Proposal: Target 50% ZEV market share by 2028
PHEV market share would be above and beyond the 50% level.
A 50% market share by 2028 will allow Canada to achieve close to 100% electrification by 2050 whilst providing time for infrastructure build out and industry to adapt.
Currently it is not possible to go to a car dealer, test drive an EV and then pick up a new EV a few days later. Waiting lists for EVs are long, 6-12 months depending on the manufacturer. Current Provincial measures have been enough to generate far more sales than the car companies are willing to deal with. Supply management is key to ensuring the availability of EVs from all companies across all vehicle types.
Today there are EVs and PHEVs in most categories, but few choices within a category, providing almost no choice for consumers.
Quebec has introduced a ZEV mandate to try to ensure that supply will be available for the future. Quebec has joined Connecticut, Maine, Maryland, Massachusetts, New Jersey, New York, Oregon, Rhode Island, and Vermont in adopting California’s Air Resource Board (CARB) ZEV Mandate. The CARB mandate is a points system, you get a maximum of 1.3 points for a PHEV and a maximum of 4 points for a pure EV depending on range. For example a Chevy Volt PHEV gets 0.83 points while our e-Golf would get 1.75 points. The CARB requirements are not very ambitious, aiming for about 8% market share in 2020. To meet the 50% goal by 2028 it might be necessary to go beyond CARB’s requirement in 2025 and beyond by reducing the points for PHEVs and increasing the points requirement to get closer to the change required to meet 50% market share.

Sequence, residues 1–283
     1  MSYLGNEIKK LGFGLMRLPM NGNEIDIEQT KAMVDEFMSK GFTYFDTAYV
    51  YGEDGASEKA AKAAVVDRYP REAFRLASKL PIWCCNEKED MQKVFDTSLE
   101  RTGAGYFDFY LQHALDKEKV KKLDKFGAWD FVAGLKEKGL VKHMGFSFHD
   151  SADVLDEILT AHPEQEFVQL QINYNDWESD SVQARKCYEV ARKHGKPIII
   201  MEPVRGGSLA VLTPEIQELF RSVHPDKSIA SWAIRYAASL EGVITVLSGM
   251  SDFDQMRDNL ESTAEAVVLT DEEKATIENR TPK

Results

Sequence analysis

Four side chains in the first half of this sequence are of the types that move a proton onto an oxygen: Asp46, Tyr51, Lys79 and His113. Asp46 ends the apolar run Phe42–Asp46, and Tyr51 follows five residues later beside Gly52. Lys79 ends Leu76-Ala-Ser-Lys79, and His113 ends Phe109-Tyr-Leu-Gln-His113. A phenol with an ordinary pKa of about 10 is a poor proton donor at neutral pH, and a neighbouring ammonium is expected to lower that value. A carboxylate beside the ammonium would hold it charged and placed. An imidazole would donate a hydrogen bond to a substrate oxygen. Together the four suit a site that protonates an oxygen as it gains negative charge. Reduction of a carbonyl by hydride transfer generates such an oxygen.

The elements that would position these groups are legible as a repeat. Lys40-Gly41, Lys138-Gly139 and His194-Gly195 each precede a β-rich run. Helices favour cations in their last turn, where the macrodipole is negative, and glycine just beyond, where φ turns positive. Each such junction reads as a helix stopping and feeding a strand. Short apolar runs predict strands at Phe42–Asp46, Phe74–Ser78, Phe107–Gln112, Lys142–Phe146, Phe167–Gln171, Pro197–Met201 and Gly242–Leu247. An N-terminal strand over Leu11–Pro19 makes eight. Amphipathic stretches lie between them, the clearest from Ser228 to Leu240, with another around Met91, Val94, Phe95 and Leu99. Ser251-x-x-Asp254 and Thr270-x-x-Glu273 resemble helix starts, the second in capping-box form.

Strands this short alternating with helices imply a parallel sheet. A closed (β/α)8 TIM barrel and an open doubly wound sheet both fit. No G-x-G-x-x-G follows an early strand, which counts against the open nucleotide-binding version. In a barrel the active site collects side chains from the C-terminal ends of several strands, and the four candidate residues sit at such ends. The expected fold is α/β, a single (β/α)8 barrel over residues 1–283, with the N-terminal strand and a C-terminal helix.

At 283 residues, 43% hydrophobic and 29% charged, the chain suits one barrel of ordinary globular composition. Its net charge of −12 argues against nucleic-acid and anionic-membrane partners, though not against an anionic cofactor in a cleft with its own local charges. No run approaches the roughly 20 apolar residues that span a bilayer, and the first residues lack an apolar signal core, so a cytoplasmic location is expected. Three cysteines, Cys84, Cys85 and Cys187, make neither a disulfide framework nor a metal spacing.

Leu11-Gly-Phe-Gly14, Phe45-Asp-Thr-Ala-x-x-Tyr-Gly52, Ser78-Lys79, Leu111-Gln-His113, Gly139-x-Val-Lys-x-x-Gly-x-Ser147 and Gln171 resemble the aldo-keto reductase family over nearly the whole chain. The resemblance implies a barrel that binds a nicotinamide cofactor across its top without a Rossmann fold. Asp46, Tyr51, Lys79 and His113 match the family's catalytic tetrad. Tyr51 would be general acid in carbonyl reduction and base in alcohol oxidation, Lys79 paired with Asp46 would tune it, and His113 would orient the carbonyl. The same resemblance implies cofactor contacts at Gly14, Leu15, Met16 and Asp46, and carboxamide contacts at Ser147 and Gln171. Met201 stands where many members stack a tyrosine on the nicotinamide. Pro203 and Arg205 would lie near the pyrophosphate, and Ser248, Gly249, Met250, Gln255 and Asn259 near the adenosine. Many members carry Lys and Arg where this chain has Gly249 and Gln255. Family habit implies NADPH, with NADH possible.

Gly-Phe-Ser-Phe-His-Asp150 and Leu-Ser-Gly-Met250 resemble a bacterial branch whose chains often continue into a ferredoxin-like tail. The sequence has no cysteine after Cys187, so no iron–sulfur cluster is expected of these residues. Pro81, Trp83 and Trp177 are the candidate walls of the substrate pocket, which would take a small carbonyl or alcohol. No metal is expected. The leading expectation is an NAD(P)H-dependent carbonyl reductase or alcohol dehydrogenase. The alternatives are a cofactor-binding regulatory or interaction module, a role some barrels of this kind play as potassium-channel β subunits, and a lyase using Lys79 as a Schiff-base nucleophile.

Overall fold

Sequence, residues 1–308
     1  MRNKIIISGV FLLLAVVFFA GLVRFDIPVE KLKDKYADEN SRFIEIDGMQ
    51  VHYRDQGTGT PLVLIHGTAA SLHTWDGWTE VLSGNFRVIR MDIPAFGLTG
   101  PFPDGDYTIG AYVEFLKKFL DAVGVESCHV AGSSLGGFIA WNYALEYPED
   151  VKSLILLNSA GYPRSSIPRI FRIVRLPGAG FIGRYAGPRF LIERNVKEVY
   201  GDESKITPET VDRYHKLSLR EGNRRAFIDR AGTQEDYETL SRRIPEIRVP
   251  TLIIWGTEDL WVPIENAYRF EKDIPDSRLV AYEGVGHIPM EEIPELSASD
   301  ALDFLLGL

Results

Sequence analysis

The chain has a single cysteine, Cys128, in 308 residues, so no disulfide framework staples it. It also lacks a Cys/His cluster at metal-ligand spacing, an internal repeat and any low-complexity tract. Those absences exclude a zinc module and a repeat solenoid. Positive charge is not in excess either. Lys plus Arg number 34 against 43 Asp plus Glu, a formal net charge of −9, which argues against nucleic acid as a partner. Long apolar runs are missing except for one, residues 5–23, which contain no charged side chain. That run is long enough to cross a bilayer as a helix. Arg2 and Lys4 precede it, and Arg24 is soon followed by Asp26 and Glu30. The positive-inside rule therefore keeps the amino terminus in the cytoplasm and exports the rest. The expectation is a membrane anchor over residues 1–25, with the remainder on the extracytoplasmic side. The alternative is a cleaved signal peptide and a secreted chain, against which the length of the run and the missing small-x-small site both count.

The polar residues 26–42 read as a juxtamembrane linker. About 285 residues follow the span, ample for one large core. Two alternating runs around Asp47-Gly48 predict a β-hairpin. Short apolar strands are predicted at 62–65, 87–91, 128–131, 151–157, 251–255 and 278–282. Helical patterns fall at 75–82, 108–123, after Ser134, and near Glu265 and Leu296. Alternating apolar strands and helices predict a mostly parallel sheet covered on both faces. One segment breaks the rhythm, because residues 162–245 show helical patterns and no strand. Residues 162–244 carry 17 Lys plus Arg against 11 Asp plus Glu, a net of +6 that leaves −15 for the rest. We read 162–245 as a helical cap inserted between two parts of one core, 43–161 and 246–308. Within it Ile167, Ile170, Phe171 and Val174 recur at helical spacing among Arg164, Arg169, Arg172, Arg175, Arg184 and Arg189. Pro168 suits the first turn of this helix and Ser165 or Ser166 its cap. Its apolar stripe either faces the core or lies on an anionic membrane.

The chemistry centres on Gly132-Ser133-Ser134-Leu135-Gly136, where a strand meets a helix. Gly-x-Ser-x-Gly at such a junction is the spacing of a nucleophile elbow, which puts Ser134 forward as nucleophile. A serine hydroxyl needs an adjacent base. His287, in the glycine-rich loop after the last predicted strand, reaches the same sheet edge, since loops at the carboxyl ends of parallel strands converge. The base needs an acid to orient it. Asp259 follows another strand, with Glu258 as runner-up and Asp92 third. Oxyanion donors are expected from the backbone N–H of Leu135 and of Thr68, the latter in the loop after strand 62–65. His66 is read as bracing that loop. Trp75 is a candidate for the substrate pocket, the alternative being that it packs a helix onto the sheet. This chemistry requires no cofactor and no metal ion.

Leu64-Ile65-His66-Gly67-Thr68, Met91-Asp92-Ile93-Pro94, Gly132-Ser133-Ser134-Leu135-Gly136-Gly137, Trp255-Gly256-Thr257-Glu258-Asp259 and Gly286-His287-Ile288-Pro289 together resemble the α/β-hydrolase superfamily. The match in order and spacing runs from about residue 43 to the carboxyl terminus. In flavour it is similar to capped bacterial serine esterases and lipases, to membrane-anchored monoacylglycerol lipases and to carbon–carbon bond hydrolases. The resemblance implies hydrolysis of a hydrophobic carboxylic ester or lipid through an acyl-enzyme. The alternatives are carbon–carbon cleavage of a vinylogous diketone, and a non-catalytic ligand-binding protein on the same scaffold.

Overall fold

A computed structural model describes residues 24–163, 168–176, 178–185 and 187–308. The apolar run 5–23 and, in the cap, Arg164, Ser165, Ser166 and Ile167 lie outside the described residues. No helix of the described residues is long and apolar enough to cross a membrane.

Proposal: Adopt CARB ZEV Mandate with enhanced measures from 2025
Additional measures may be required, but these should be considered in concert with provincial programs.
Quebec, Ontario and BC have direct subsidies that have been effective in creating demand but, at least in Ontario created a lot of work and delays in processing individual claims. Any measures aimed at large scale adoption of EVs have to be simpler to implement.
Ontario has proposed removing the provincial portion of HST on all EVs. This mirrors the key measure used so successfully in Norway. With HST at 13% in Ontario compared with 25% in Norway, this lever is not very long, especially if it is limited to the provincial portion. Removing the federal GST portion of 5%, nationwide, would send a strong signal to consumers. This would remove about $2000 from the cost of the average car.
If we are aiming for 50% market share this would create a serious hole in the budget, so we propose increasing the GST portion as the market share rises. GST should increase by 1% each time EVs achieve another 10% market share By the time the 50% target is reached, GST would be restored to the normal level and would hold at that level. PHEVs would not be eligible for the GST reduction.
An important principle for climate change is polluter pays. This is a hard sell for politicians but there is a case to be made for increasing taxes on fossil powered vehicles. We propose that GST on new and used fossil powered vehicles be increased by 0.25% per year until the rate reaches 8%. Each increase will add about $90 t0 the cost of an average car. Combined with the GST relief on pure EVs, this would generate about a $1B per year over time. This revenue should be used to pay for transitional costs such as charging infrastructure, electric buses and garbage trucks etc. PHEVs would maintain the 5% rate.
Proposal: Reduce GST to 0% on pure EVs, reinstating the 5% rate in stages as market share increases. Increase the GST on fossil powered vehicles by 0.25% per year until the rate reaches 8%. Plug-in Hybid EVs should continue to be taxed at 5%.